It Might Sound Trite But…

Cancer

This past weekend I had the chance to see some nursing friends I hadn’t seen in a while. All vaccinated and sitting at an outdoor table for brunch, it felt like no time had passed. Of course, over a year had gone by since we were able to sit face-to-face and enjoy each other’s company. A small price to pay to keep safe, as they’ve been caring for patients with cancer during the pandemic.

When I left bedside nursing, I knew I would miss the connection with my patients and their families. I knew I’d miss learning about their lives and helping them get through one day at a time. What I underestimated, however, was how much I would miss seeing my coworkers every day. Even though the shifts were long and stressful, I missed that feeling when you were in the nitty gritty of nursing care, only to look up and see your coworker coming in the door to offer a hand. Or when they knew you needed a good laugh at the nurses’ station and were more than willing to oblige.

You remember when you were a kid on the playground, and you met another kid near the swings who liked the same games you liked and laughed at all your jokes? Your automatic best friend? That’s what it’s like when you work long shifts with awesome nurses.

You show up to work ready for whatever comes your way, ready to be the best you can be for your patients, and these people are right there beside you for 12 hours. Don’t get me wrong, there were days there wasn’t time to chat and laugh. But even those days were made more bearable knowing the people working alongside of you were there for the same reasons as you were—to care for your patients and do the best you could for them.

The month of May is designated as “Nurses Month” this year (as opposed to what is normally a week). Brunch with my nursing friends was the perfect way to be reminded of the special bond nurses have with one another. We have seen some pretty terrible things. We know the devastating effects cancer can have on a person and family physically, mentally, socially, and financially, among many others. We have been part of some truly sad conversations and decisions. We’ve shaved heads, held hands, sat down and listened. We’ve felt emotions that, even now, I can’t find the words that will translate. But… above all, we’ve learned to appreciate the daily intricacies of life, to not take people for granted, and to recognize the positives in both life and death.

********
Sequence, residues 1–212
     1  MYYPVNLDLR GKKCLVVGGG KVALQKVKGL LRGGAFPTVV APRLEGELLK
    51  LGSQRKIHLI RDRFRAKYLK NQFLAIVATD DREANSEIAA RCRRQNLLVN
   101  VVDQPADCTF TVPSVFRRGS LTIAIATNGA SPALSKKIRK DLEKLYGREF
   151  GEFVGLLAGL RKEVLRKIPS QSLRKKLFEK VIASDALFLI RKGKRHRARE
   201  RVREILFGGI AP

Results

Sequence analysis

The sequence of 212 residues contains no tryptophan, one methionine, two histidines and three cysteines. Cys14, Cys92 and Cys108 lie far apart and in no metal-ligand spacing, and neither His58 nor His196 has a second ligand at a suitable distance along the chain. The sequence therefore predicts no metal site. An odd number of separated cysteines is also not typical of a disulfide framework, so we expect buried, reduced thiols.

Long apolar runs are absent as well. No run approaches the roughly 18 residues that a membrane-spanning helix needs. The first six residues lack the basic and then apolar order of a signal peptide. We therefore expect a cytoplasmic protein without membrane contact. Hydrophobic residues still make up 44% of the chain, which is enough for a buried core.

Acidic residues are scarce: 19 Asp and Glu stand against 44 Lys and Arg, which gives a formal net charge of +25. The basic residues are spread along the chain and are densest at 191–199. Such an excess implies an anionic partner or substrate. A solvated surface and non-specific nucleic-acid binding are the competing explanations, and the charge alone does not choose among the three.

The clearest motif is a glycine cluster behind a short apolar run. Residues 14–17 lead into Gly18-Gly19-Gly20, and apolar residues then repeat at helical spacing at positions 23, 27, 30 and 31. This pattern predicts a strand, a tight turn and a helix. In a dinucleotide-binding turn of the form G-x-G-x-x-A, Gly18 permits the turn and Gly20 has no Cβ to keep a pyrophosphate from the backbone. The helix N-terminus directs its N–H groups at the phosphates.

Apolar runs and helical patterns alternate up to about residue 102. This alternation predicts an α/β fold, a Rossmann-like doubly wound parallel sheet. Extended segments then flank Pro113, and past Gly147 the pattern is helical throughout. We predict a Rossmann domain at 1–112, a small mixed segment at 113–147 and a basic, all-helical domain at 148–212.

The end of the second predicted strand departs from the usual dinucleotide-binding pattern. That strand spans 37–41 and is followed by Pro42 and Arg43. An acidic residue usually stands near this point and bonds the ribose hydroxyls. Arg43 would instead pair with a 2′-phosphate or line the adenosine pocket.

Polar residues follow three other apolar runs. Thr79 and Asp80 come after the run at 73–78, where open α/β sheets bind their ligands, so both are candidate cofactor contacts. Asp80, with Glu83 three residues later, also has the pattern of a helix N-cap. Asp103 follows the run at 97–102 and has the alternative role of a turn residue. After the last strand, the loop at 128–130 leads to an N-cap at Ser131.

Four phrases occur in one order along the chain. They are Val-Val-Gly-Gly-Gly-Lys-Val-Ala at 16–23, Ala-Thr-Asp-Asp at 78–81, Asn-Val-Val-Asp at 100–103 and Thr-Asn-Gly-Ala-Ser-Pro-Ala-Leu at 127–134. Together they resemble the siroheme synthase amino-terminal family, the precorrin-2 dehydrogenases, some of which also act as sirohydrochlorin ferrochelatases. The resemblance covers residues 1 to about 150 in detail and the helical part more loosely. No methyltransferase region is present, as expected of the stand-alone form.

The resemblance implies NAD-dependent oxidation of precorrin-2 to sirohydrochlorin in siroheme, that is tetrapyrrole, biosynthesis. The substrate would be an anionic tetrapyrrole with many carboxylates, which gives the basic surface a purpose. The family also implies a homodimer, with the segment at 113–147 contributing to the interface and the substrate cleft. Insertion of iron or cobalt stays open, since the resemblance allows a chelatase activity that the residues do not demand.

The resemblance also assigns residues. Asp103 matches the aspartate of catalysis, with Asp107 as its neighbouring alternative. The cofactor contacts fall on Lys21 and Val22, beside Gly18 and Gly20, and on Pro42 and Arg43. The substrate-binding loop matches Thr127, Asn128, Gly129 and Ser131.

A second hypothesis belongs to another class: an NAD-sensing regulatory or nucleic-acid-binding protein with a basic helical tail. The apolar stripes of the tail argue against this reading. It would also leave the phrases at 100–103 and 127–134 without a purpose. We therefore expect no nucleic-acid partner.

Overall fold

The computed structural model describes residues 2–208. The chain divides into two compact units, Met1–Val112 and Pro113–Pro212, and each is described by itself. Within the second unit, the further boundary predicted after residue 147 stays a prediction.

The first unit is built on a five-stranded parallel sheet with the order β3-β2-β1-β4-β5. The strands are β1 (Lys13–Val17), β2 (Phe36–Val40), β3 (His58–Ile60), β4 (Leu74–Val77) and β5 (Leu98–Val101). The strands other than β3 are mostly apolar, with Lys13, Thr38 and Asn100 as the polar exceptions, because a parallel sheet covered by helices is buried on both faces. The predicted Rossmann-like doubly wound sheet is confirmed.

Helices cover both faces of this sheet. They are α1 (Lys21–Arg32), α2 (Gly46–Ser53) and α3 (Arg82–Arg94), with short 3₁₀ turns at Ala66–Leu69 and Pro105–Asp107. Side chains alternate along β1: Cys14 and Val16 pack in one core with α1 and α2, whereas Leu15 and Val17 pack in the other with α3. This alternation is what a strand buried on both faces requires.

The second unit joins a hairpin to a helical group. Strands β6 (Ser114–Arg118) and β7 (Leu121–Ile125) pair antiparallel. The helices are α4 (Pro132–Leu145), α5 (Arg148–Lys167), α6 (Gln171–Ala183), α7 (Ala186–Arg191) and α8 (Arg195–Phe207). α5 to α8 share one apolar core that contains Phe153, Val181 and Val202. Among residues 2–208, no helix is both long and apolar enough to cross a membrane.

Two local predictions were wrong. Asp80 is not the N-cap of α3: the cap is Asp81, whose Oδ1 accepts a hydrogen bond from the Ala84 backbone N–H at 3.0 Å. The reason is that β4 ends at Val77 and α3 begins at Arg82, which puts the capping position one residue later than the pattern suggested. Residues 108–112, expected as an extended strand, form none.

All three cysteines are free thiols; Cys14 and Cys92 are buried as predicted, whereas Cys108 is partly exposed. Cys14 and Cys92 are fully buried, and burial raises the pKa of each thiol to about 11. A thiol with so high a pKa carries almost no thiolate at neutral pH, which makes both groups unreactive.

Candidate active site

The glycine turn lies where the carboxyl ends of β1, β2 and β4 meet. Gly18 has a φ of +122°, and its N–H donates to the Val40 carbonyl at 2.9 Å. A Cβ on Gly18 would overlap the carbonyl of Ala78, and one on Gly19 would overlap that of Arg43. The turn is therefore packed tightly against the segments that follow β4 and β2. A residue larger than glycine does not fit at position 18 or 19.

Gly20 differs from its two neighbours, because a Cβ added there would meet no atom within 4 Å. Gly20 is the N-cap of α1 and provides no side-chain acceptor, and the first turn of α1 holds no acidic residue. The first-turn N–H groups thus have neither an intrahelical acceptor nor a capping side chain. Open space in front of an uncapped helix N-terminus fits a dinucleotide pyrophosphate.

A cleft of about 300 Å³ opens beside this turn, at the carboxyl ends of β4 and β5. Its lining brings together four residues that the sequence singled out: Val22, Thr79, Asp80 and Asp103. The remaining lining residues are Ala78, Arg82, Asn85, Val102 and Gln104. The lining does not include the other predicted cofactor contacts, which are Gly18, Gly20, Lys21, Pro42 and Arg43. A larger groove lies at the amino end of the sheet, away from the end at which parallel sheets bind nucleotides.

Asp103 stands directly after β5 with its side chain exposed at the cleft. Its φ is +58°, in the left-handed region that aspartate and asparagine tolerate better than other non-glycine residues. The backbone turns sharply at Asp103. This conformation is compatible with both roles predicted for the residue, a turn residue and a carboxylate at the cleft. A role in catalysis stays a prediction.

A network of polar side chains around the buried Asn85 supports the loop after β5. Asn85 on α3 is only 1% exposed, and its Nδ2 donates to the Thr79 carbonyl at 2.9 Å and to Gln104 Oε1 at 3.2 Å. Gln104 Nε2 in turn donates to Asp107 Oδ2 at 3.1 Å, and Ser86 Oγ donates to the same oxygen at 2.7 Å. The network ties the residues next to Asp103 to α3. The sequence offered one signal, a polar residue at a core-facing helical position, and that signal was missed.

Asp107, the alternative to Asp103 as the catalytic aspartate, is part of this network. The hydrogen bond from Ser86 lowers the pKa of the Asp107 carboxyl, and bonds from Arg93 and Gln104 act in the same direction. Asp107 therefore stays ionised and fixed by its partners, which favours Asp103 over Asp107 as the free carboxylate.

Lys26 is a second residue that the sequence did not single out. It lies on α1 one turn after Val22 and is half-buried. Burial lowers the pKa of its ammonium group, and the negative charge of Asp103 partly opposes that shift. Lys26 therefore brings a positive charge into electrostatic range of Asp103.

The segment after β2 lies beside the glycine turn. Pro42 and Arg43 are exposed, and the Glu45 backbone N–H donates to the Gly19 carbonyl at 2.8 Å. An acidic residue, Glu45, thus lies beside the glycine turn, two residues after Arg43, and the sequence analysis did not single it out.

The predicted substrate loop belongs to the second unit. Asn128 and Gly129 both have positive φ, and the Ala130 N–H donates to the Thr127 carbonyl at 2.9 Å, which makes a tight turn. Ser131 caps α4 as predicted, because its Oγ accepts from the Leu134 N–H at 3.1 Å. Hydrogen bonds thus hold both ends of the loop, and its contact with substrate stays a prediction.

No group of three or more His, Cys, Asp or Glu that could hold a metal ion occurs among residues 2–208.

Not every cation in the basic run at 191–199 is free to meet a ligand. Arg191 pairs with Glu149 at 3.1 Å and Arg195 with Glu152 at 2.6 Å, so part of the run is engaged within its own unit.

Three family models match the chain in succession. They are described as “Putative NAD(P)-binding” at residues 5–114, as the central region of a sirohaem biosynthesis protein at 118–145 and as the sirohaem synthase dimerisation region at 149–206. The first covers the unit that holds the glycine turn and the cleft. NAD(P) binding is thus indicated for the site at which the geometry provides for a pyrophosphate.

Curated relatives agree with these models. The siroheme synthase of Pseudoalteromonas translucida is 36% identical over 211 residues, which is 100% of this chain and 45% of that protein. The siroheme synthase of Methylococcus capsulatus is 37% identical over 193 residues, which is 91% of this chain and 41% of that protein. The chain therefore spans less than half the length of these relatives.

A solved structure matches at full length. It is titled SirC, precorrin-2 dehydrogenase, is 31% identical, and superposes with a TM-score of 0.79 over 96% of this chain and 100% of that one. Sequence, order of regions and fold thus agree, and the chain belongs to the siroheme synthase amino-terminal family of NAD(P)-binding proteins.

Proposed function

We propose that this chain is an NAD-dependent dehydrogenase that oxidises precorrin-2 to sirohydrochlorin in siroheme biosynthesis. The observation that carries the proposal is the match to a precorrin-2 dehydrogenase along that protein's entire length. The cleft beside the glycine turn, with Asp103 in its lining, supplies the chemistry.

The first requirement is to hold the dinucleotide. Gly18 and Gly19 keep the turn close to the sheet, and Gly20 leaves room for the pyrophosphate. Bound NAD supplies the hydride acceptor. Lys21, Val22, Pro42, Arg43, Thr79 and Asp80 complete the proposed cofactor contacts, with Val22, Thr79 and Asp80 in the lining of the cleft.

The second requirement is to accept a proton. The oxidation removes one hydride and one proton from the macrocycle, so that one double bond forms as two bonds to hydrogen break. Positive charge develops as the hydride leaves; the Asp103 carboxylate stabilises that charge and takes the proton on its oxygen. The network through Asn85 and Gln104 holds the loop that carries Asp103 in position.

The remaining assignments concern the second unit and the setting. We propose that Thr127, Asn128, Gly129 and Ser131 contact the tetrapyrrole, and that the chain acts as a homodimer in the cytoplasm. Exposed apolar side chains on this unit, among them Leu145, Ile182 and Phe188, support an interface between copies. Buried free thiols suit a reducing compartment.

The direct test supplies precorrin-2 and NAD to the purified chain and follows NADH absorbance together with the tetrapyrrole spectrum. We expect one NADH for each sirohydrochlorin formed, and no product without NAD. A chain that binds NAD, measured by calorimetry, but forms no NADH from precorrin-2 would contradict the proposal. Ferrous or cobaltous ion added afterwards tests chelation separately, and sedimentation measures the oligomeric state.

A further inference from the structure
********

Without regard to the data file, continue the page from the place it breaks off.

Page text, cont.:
This month, I want to thank all of the nurses out there for what you do every day. It’s easy to sound trite when you thank nurses, but here at OncoLink, we could not mean it more genuinely. As providers ourselves, we understand how hard it can be. We also rest easy knowing that there is strength in numbers, and you are all out there taking care of one another.


Marisa worked at the Hospital of the University of Pennsylvania on a medical-oncology unit for several years. She then worked as an outpatient infusion nurse in Cherry Hill, NJ, and currently works per diem as a home hospice nurse. She also has her Bachelor’s degree in English Literature from the University of Scranton, where she played basketball and made many lifelong friends. Originally from Philadelphia, she now resides in Mt. Ephraim, NJ. She spends her free time either in Cape May, skiing in the Poconos, or spending time with her family and friends- including her dog Peanut.

Products You May Like

Articles You May Like

United Wants to Charge You for ER Visits It Disagrees With
How does tazarotene work?
Novavax Announces Positive Data from Three Complementary Studies of COVID-19 Beta (B.1.351) Variant Strain Vaccine
COVID-19 Booster Shots Can Wait
Neighborhood disadvantage related to increased COVID-19 infections and mortality

Leave a Reply

Your email address will not be published. Required fields are marked *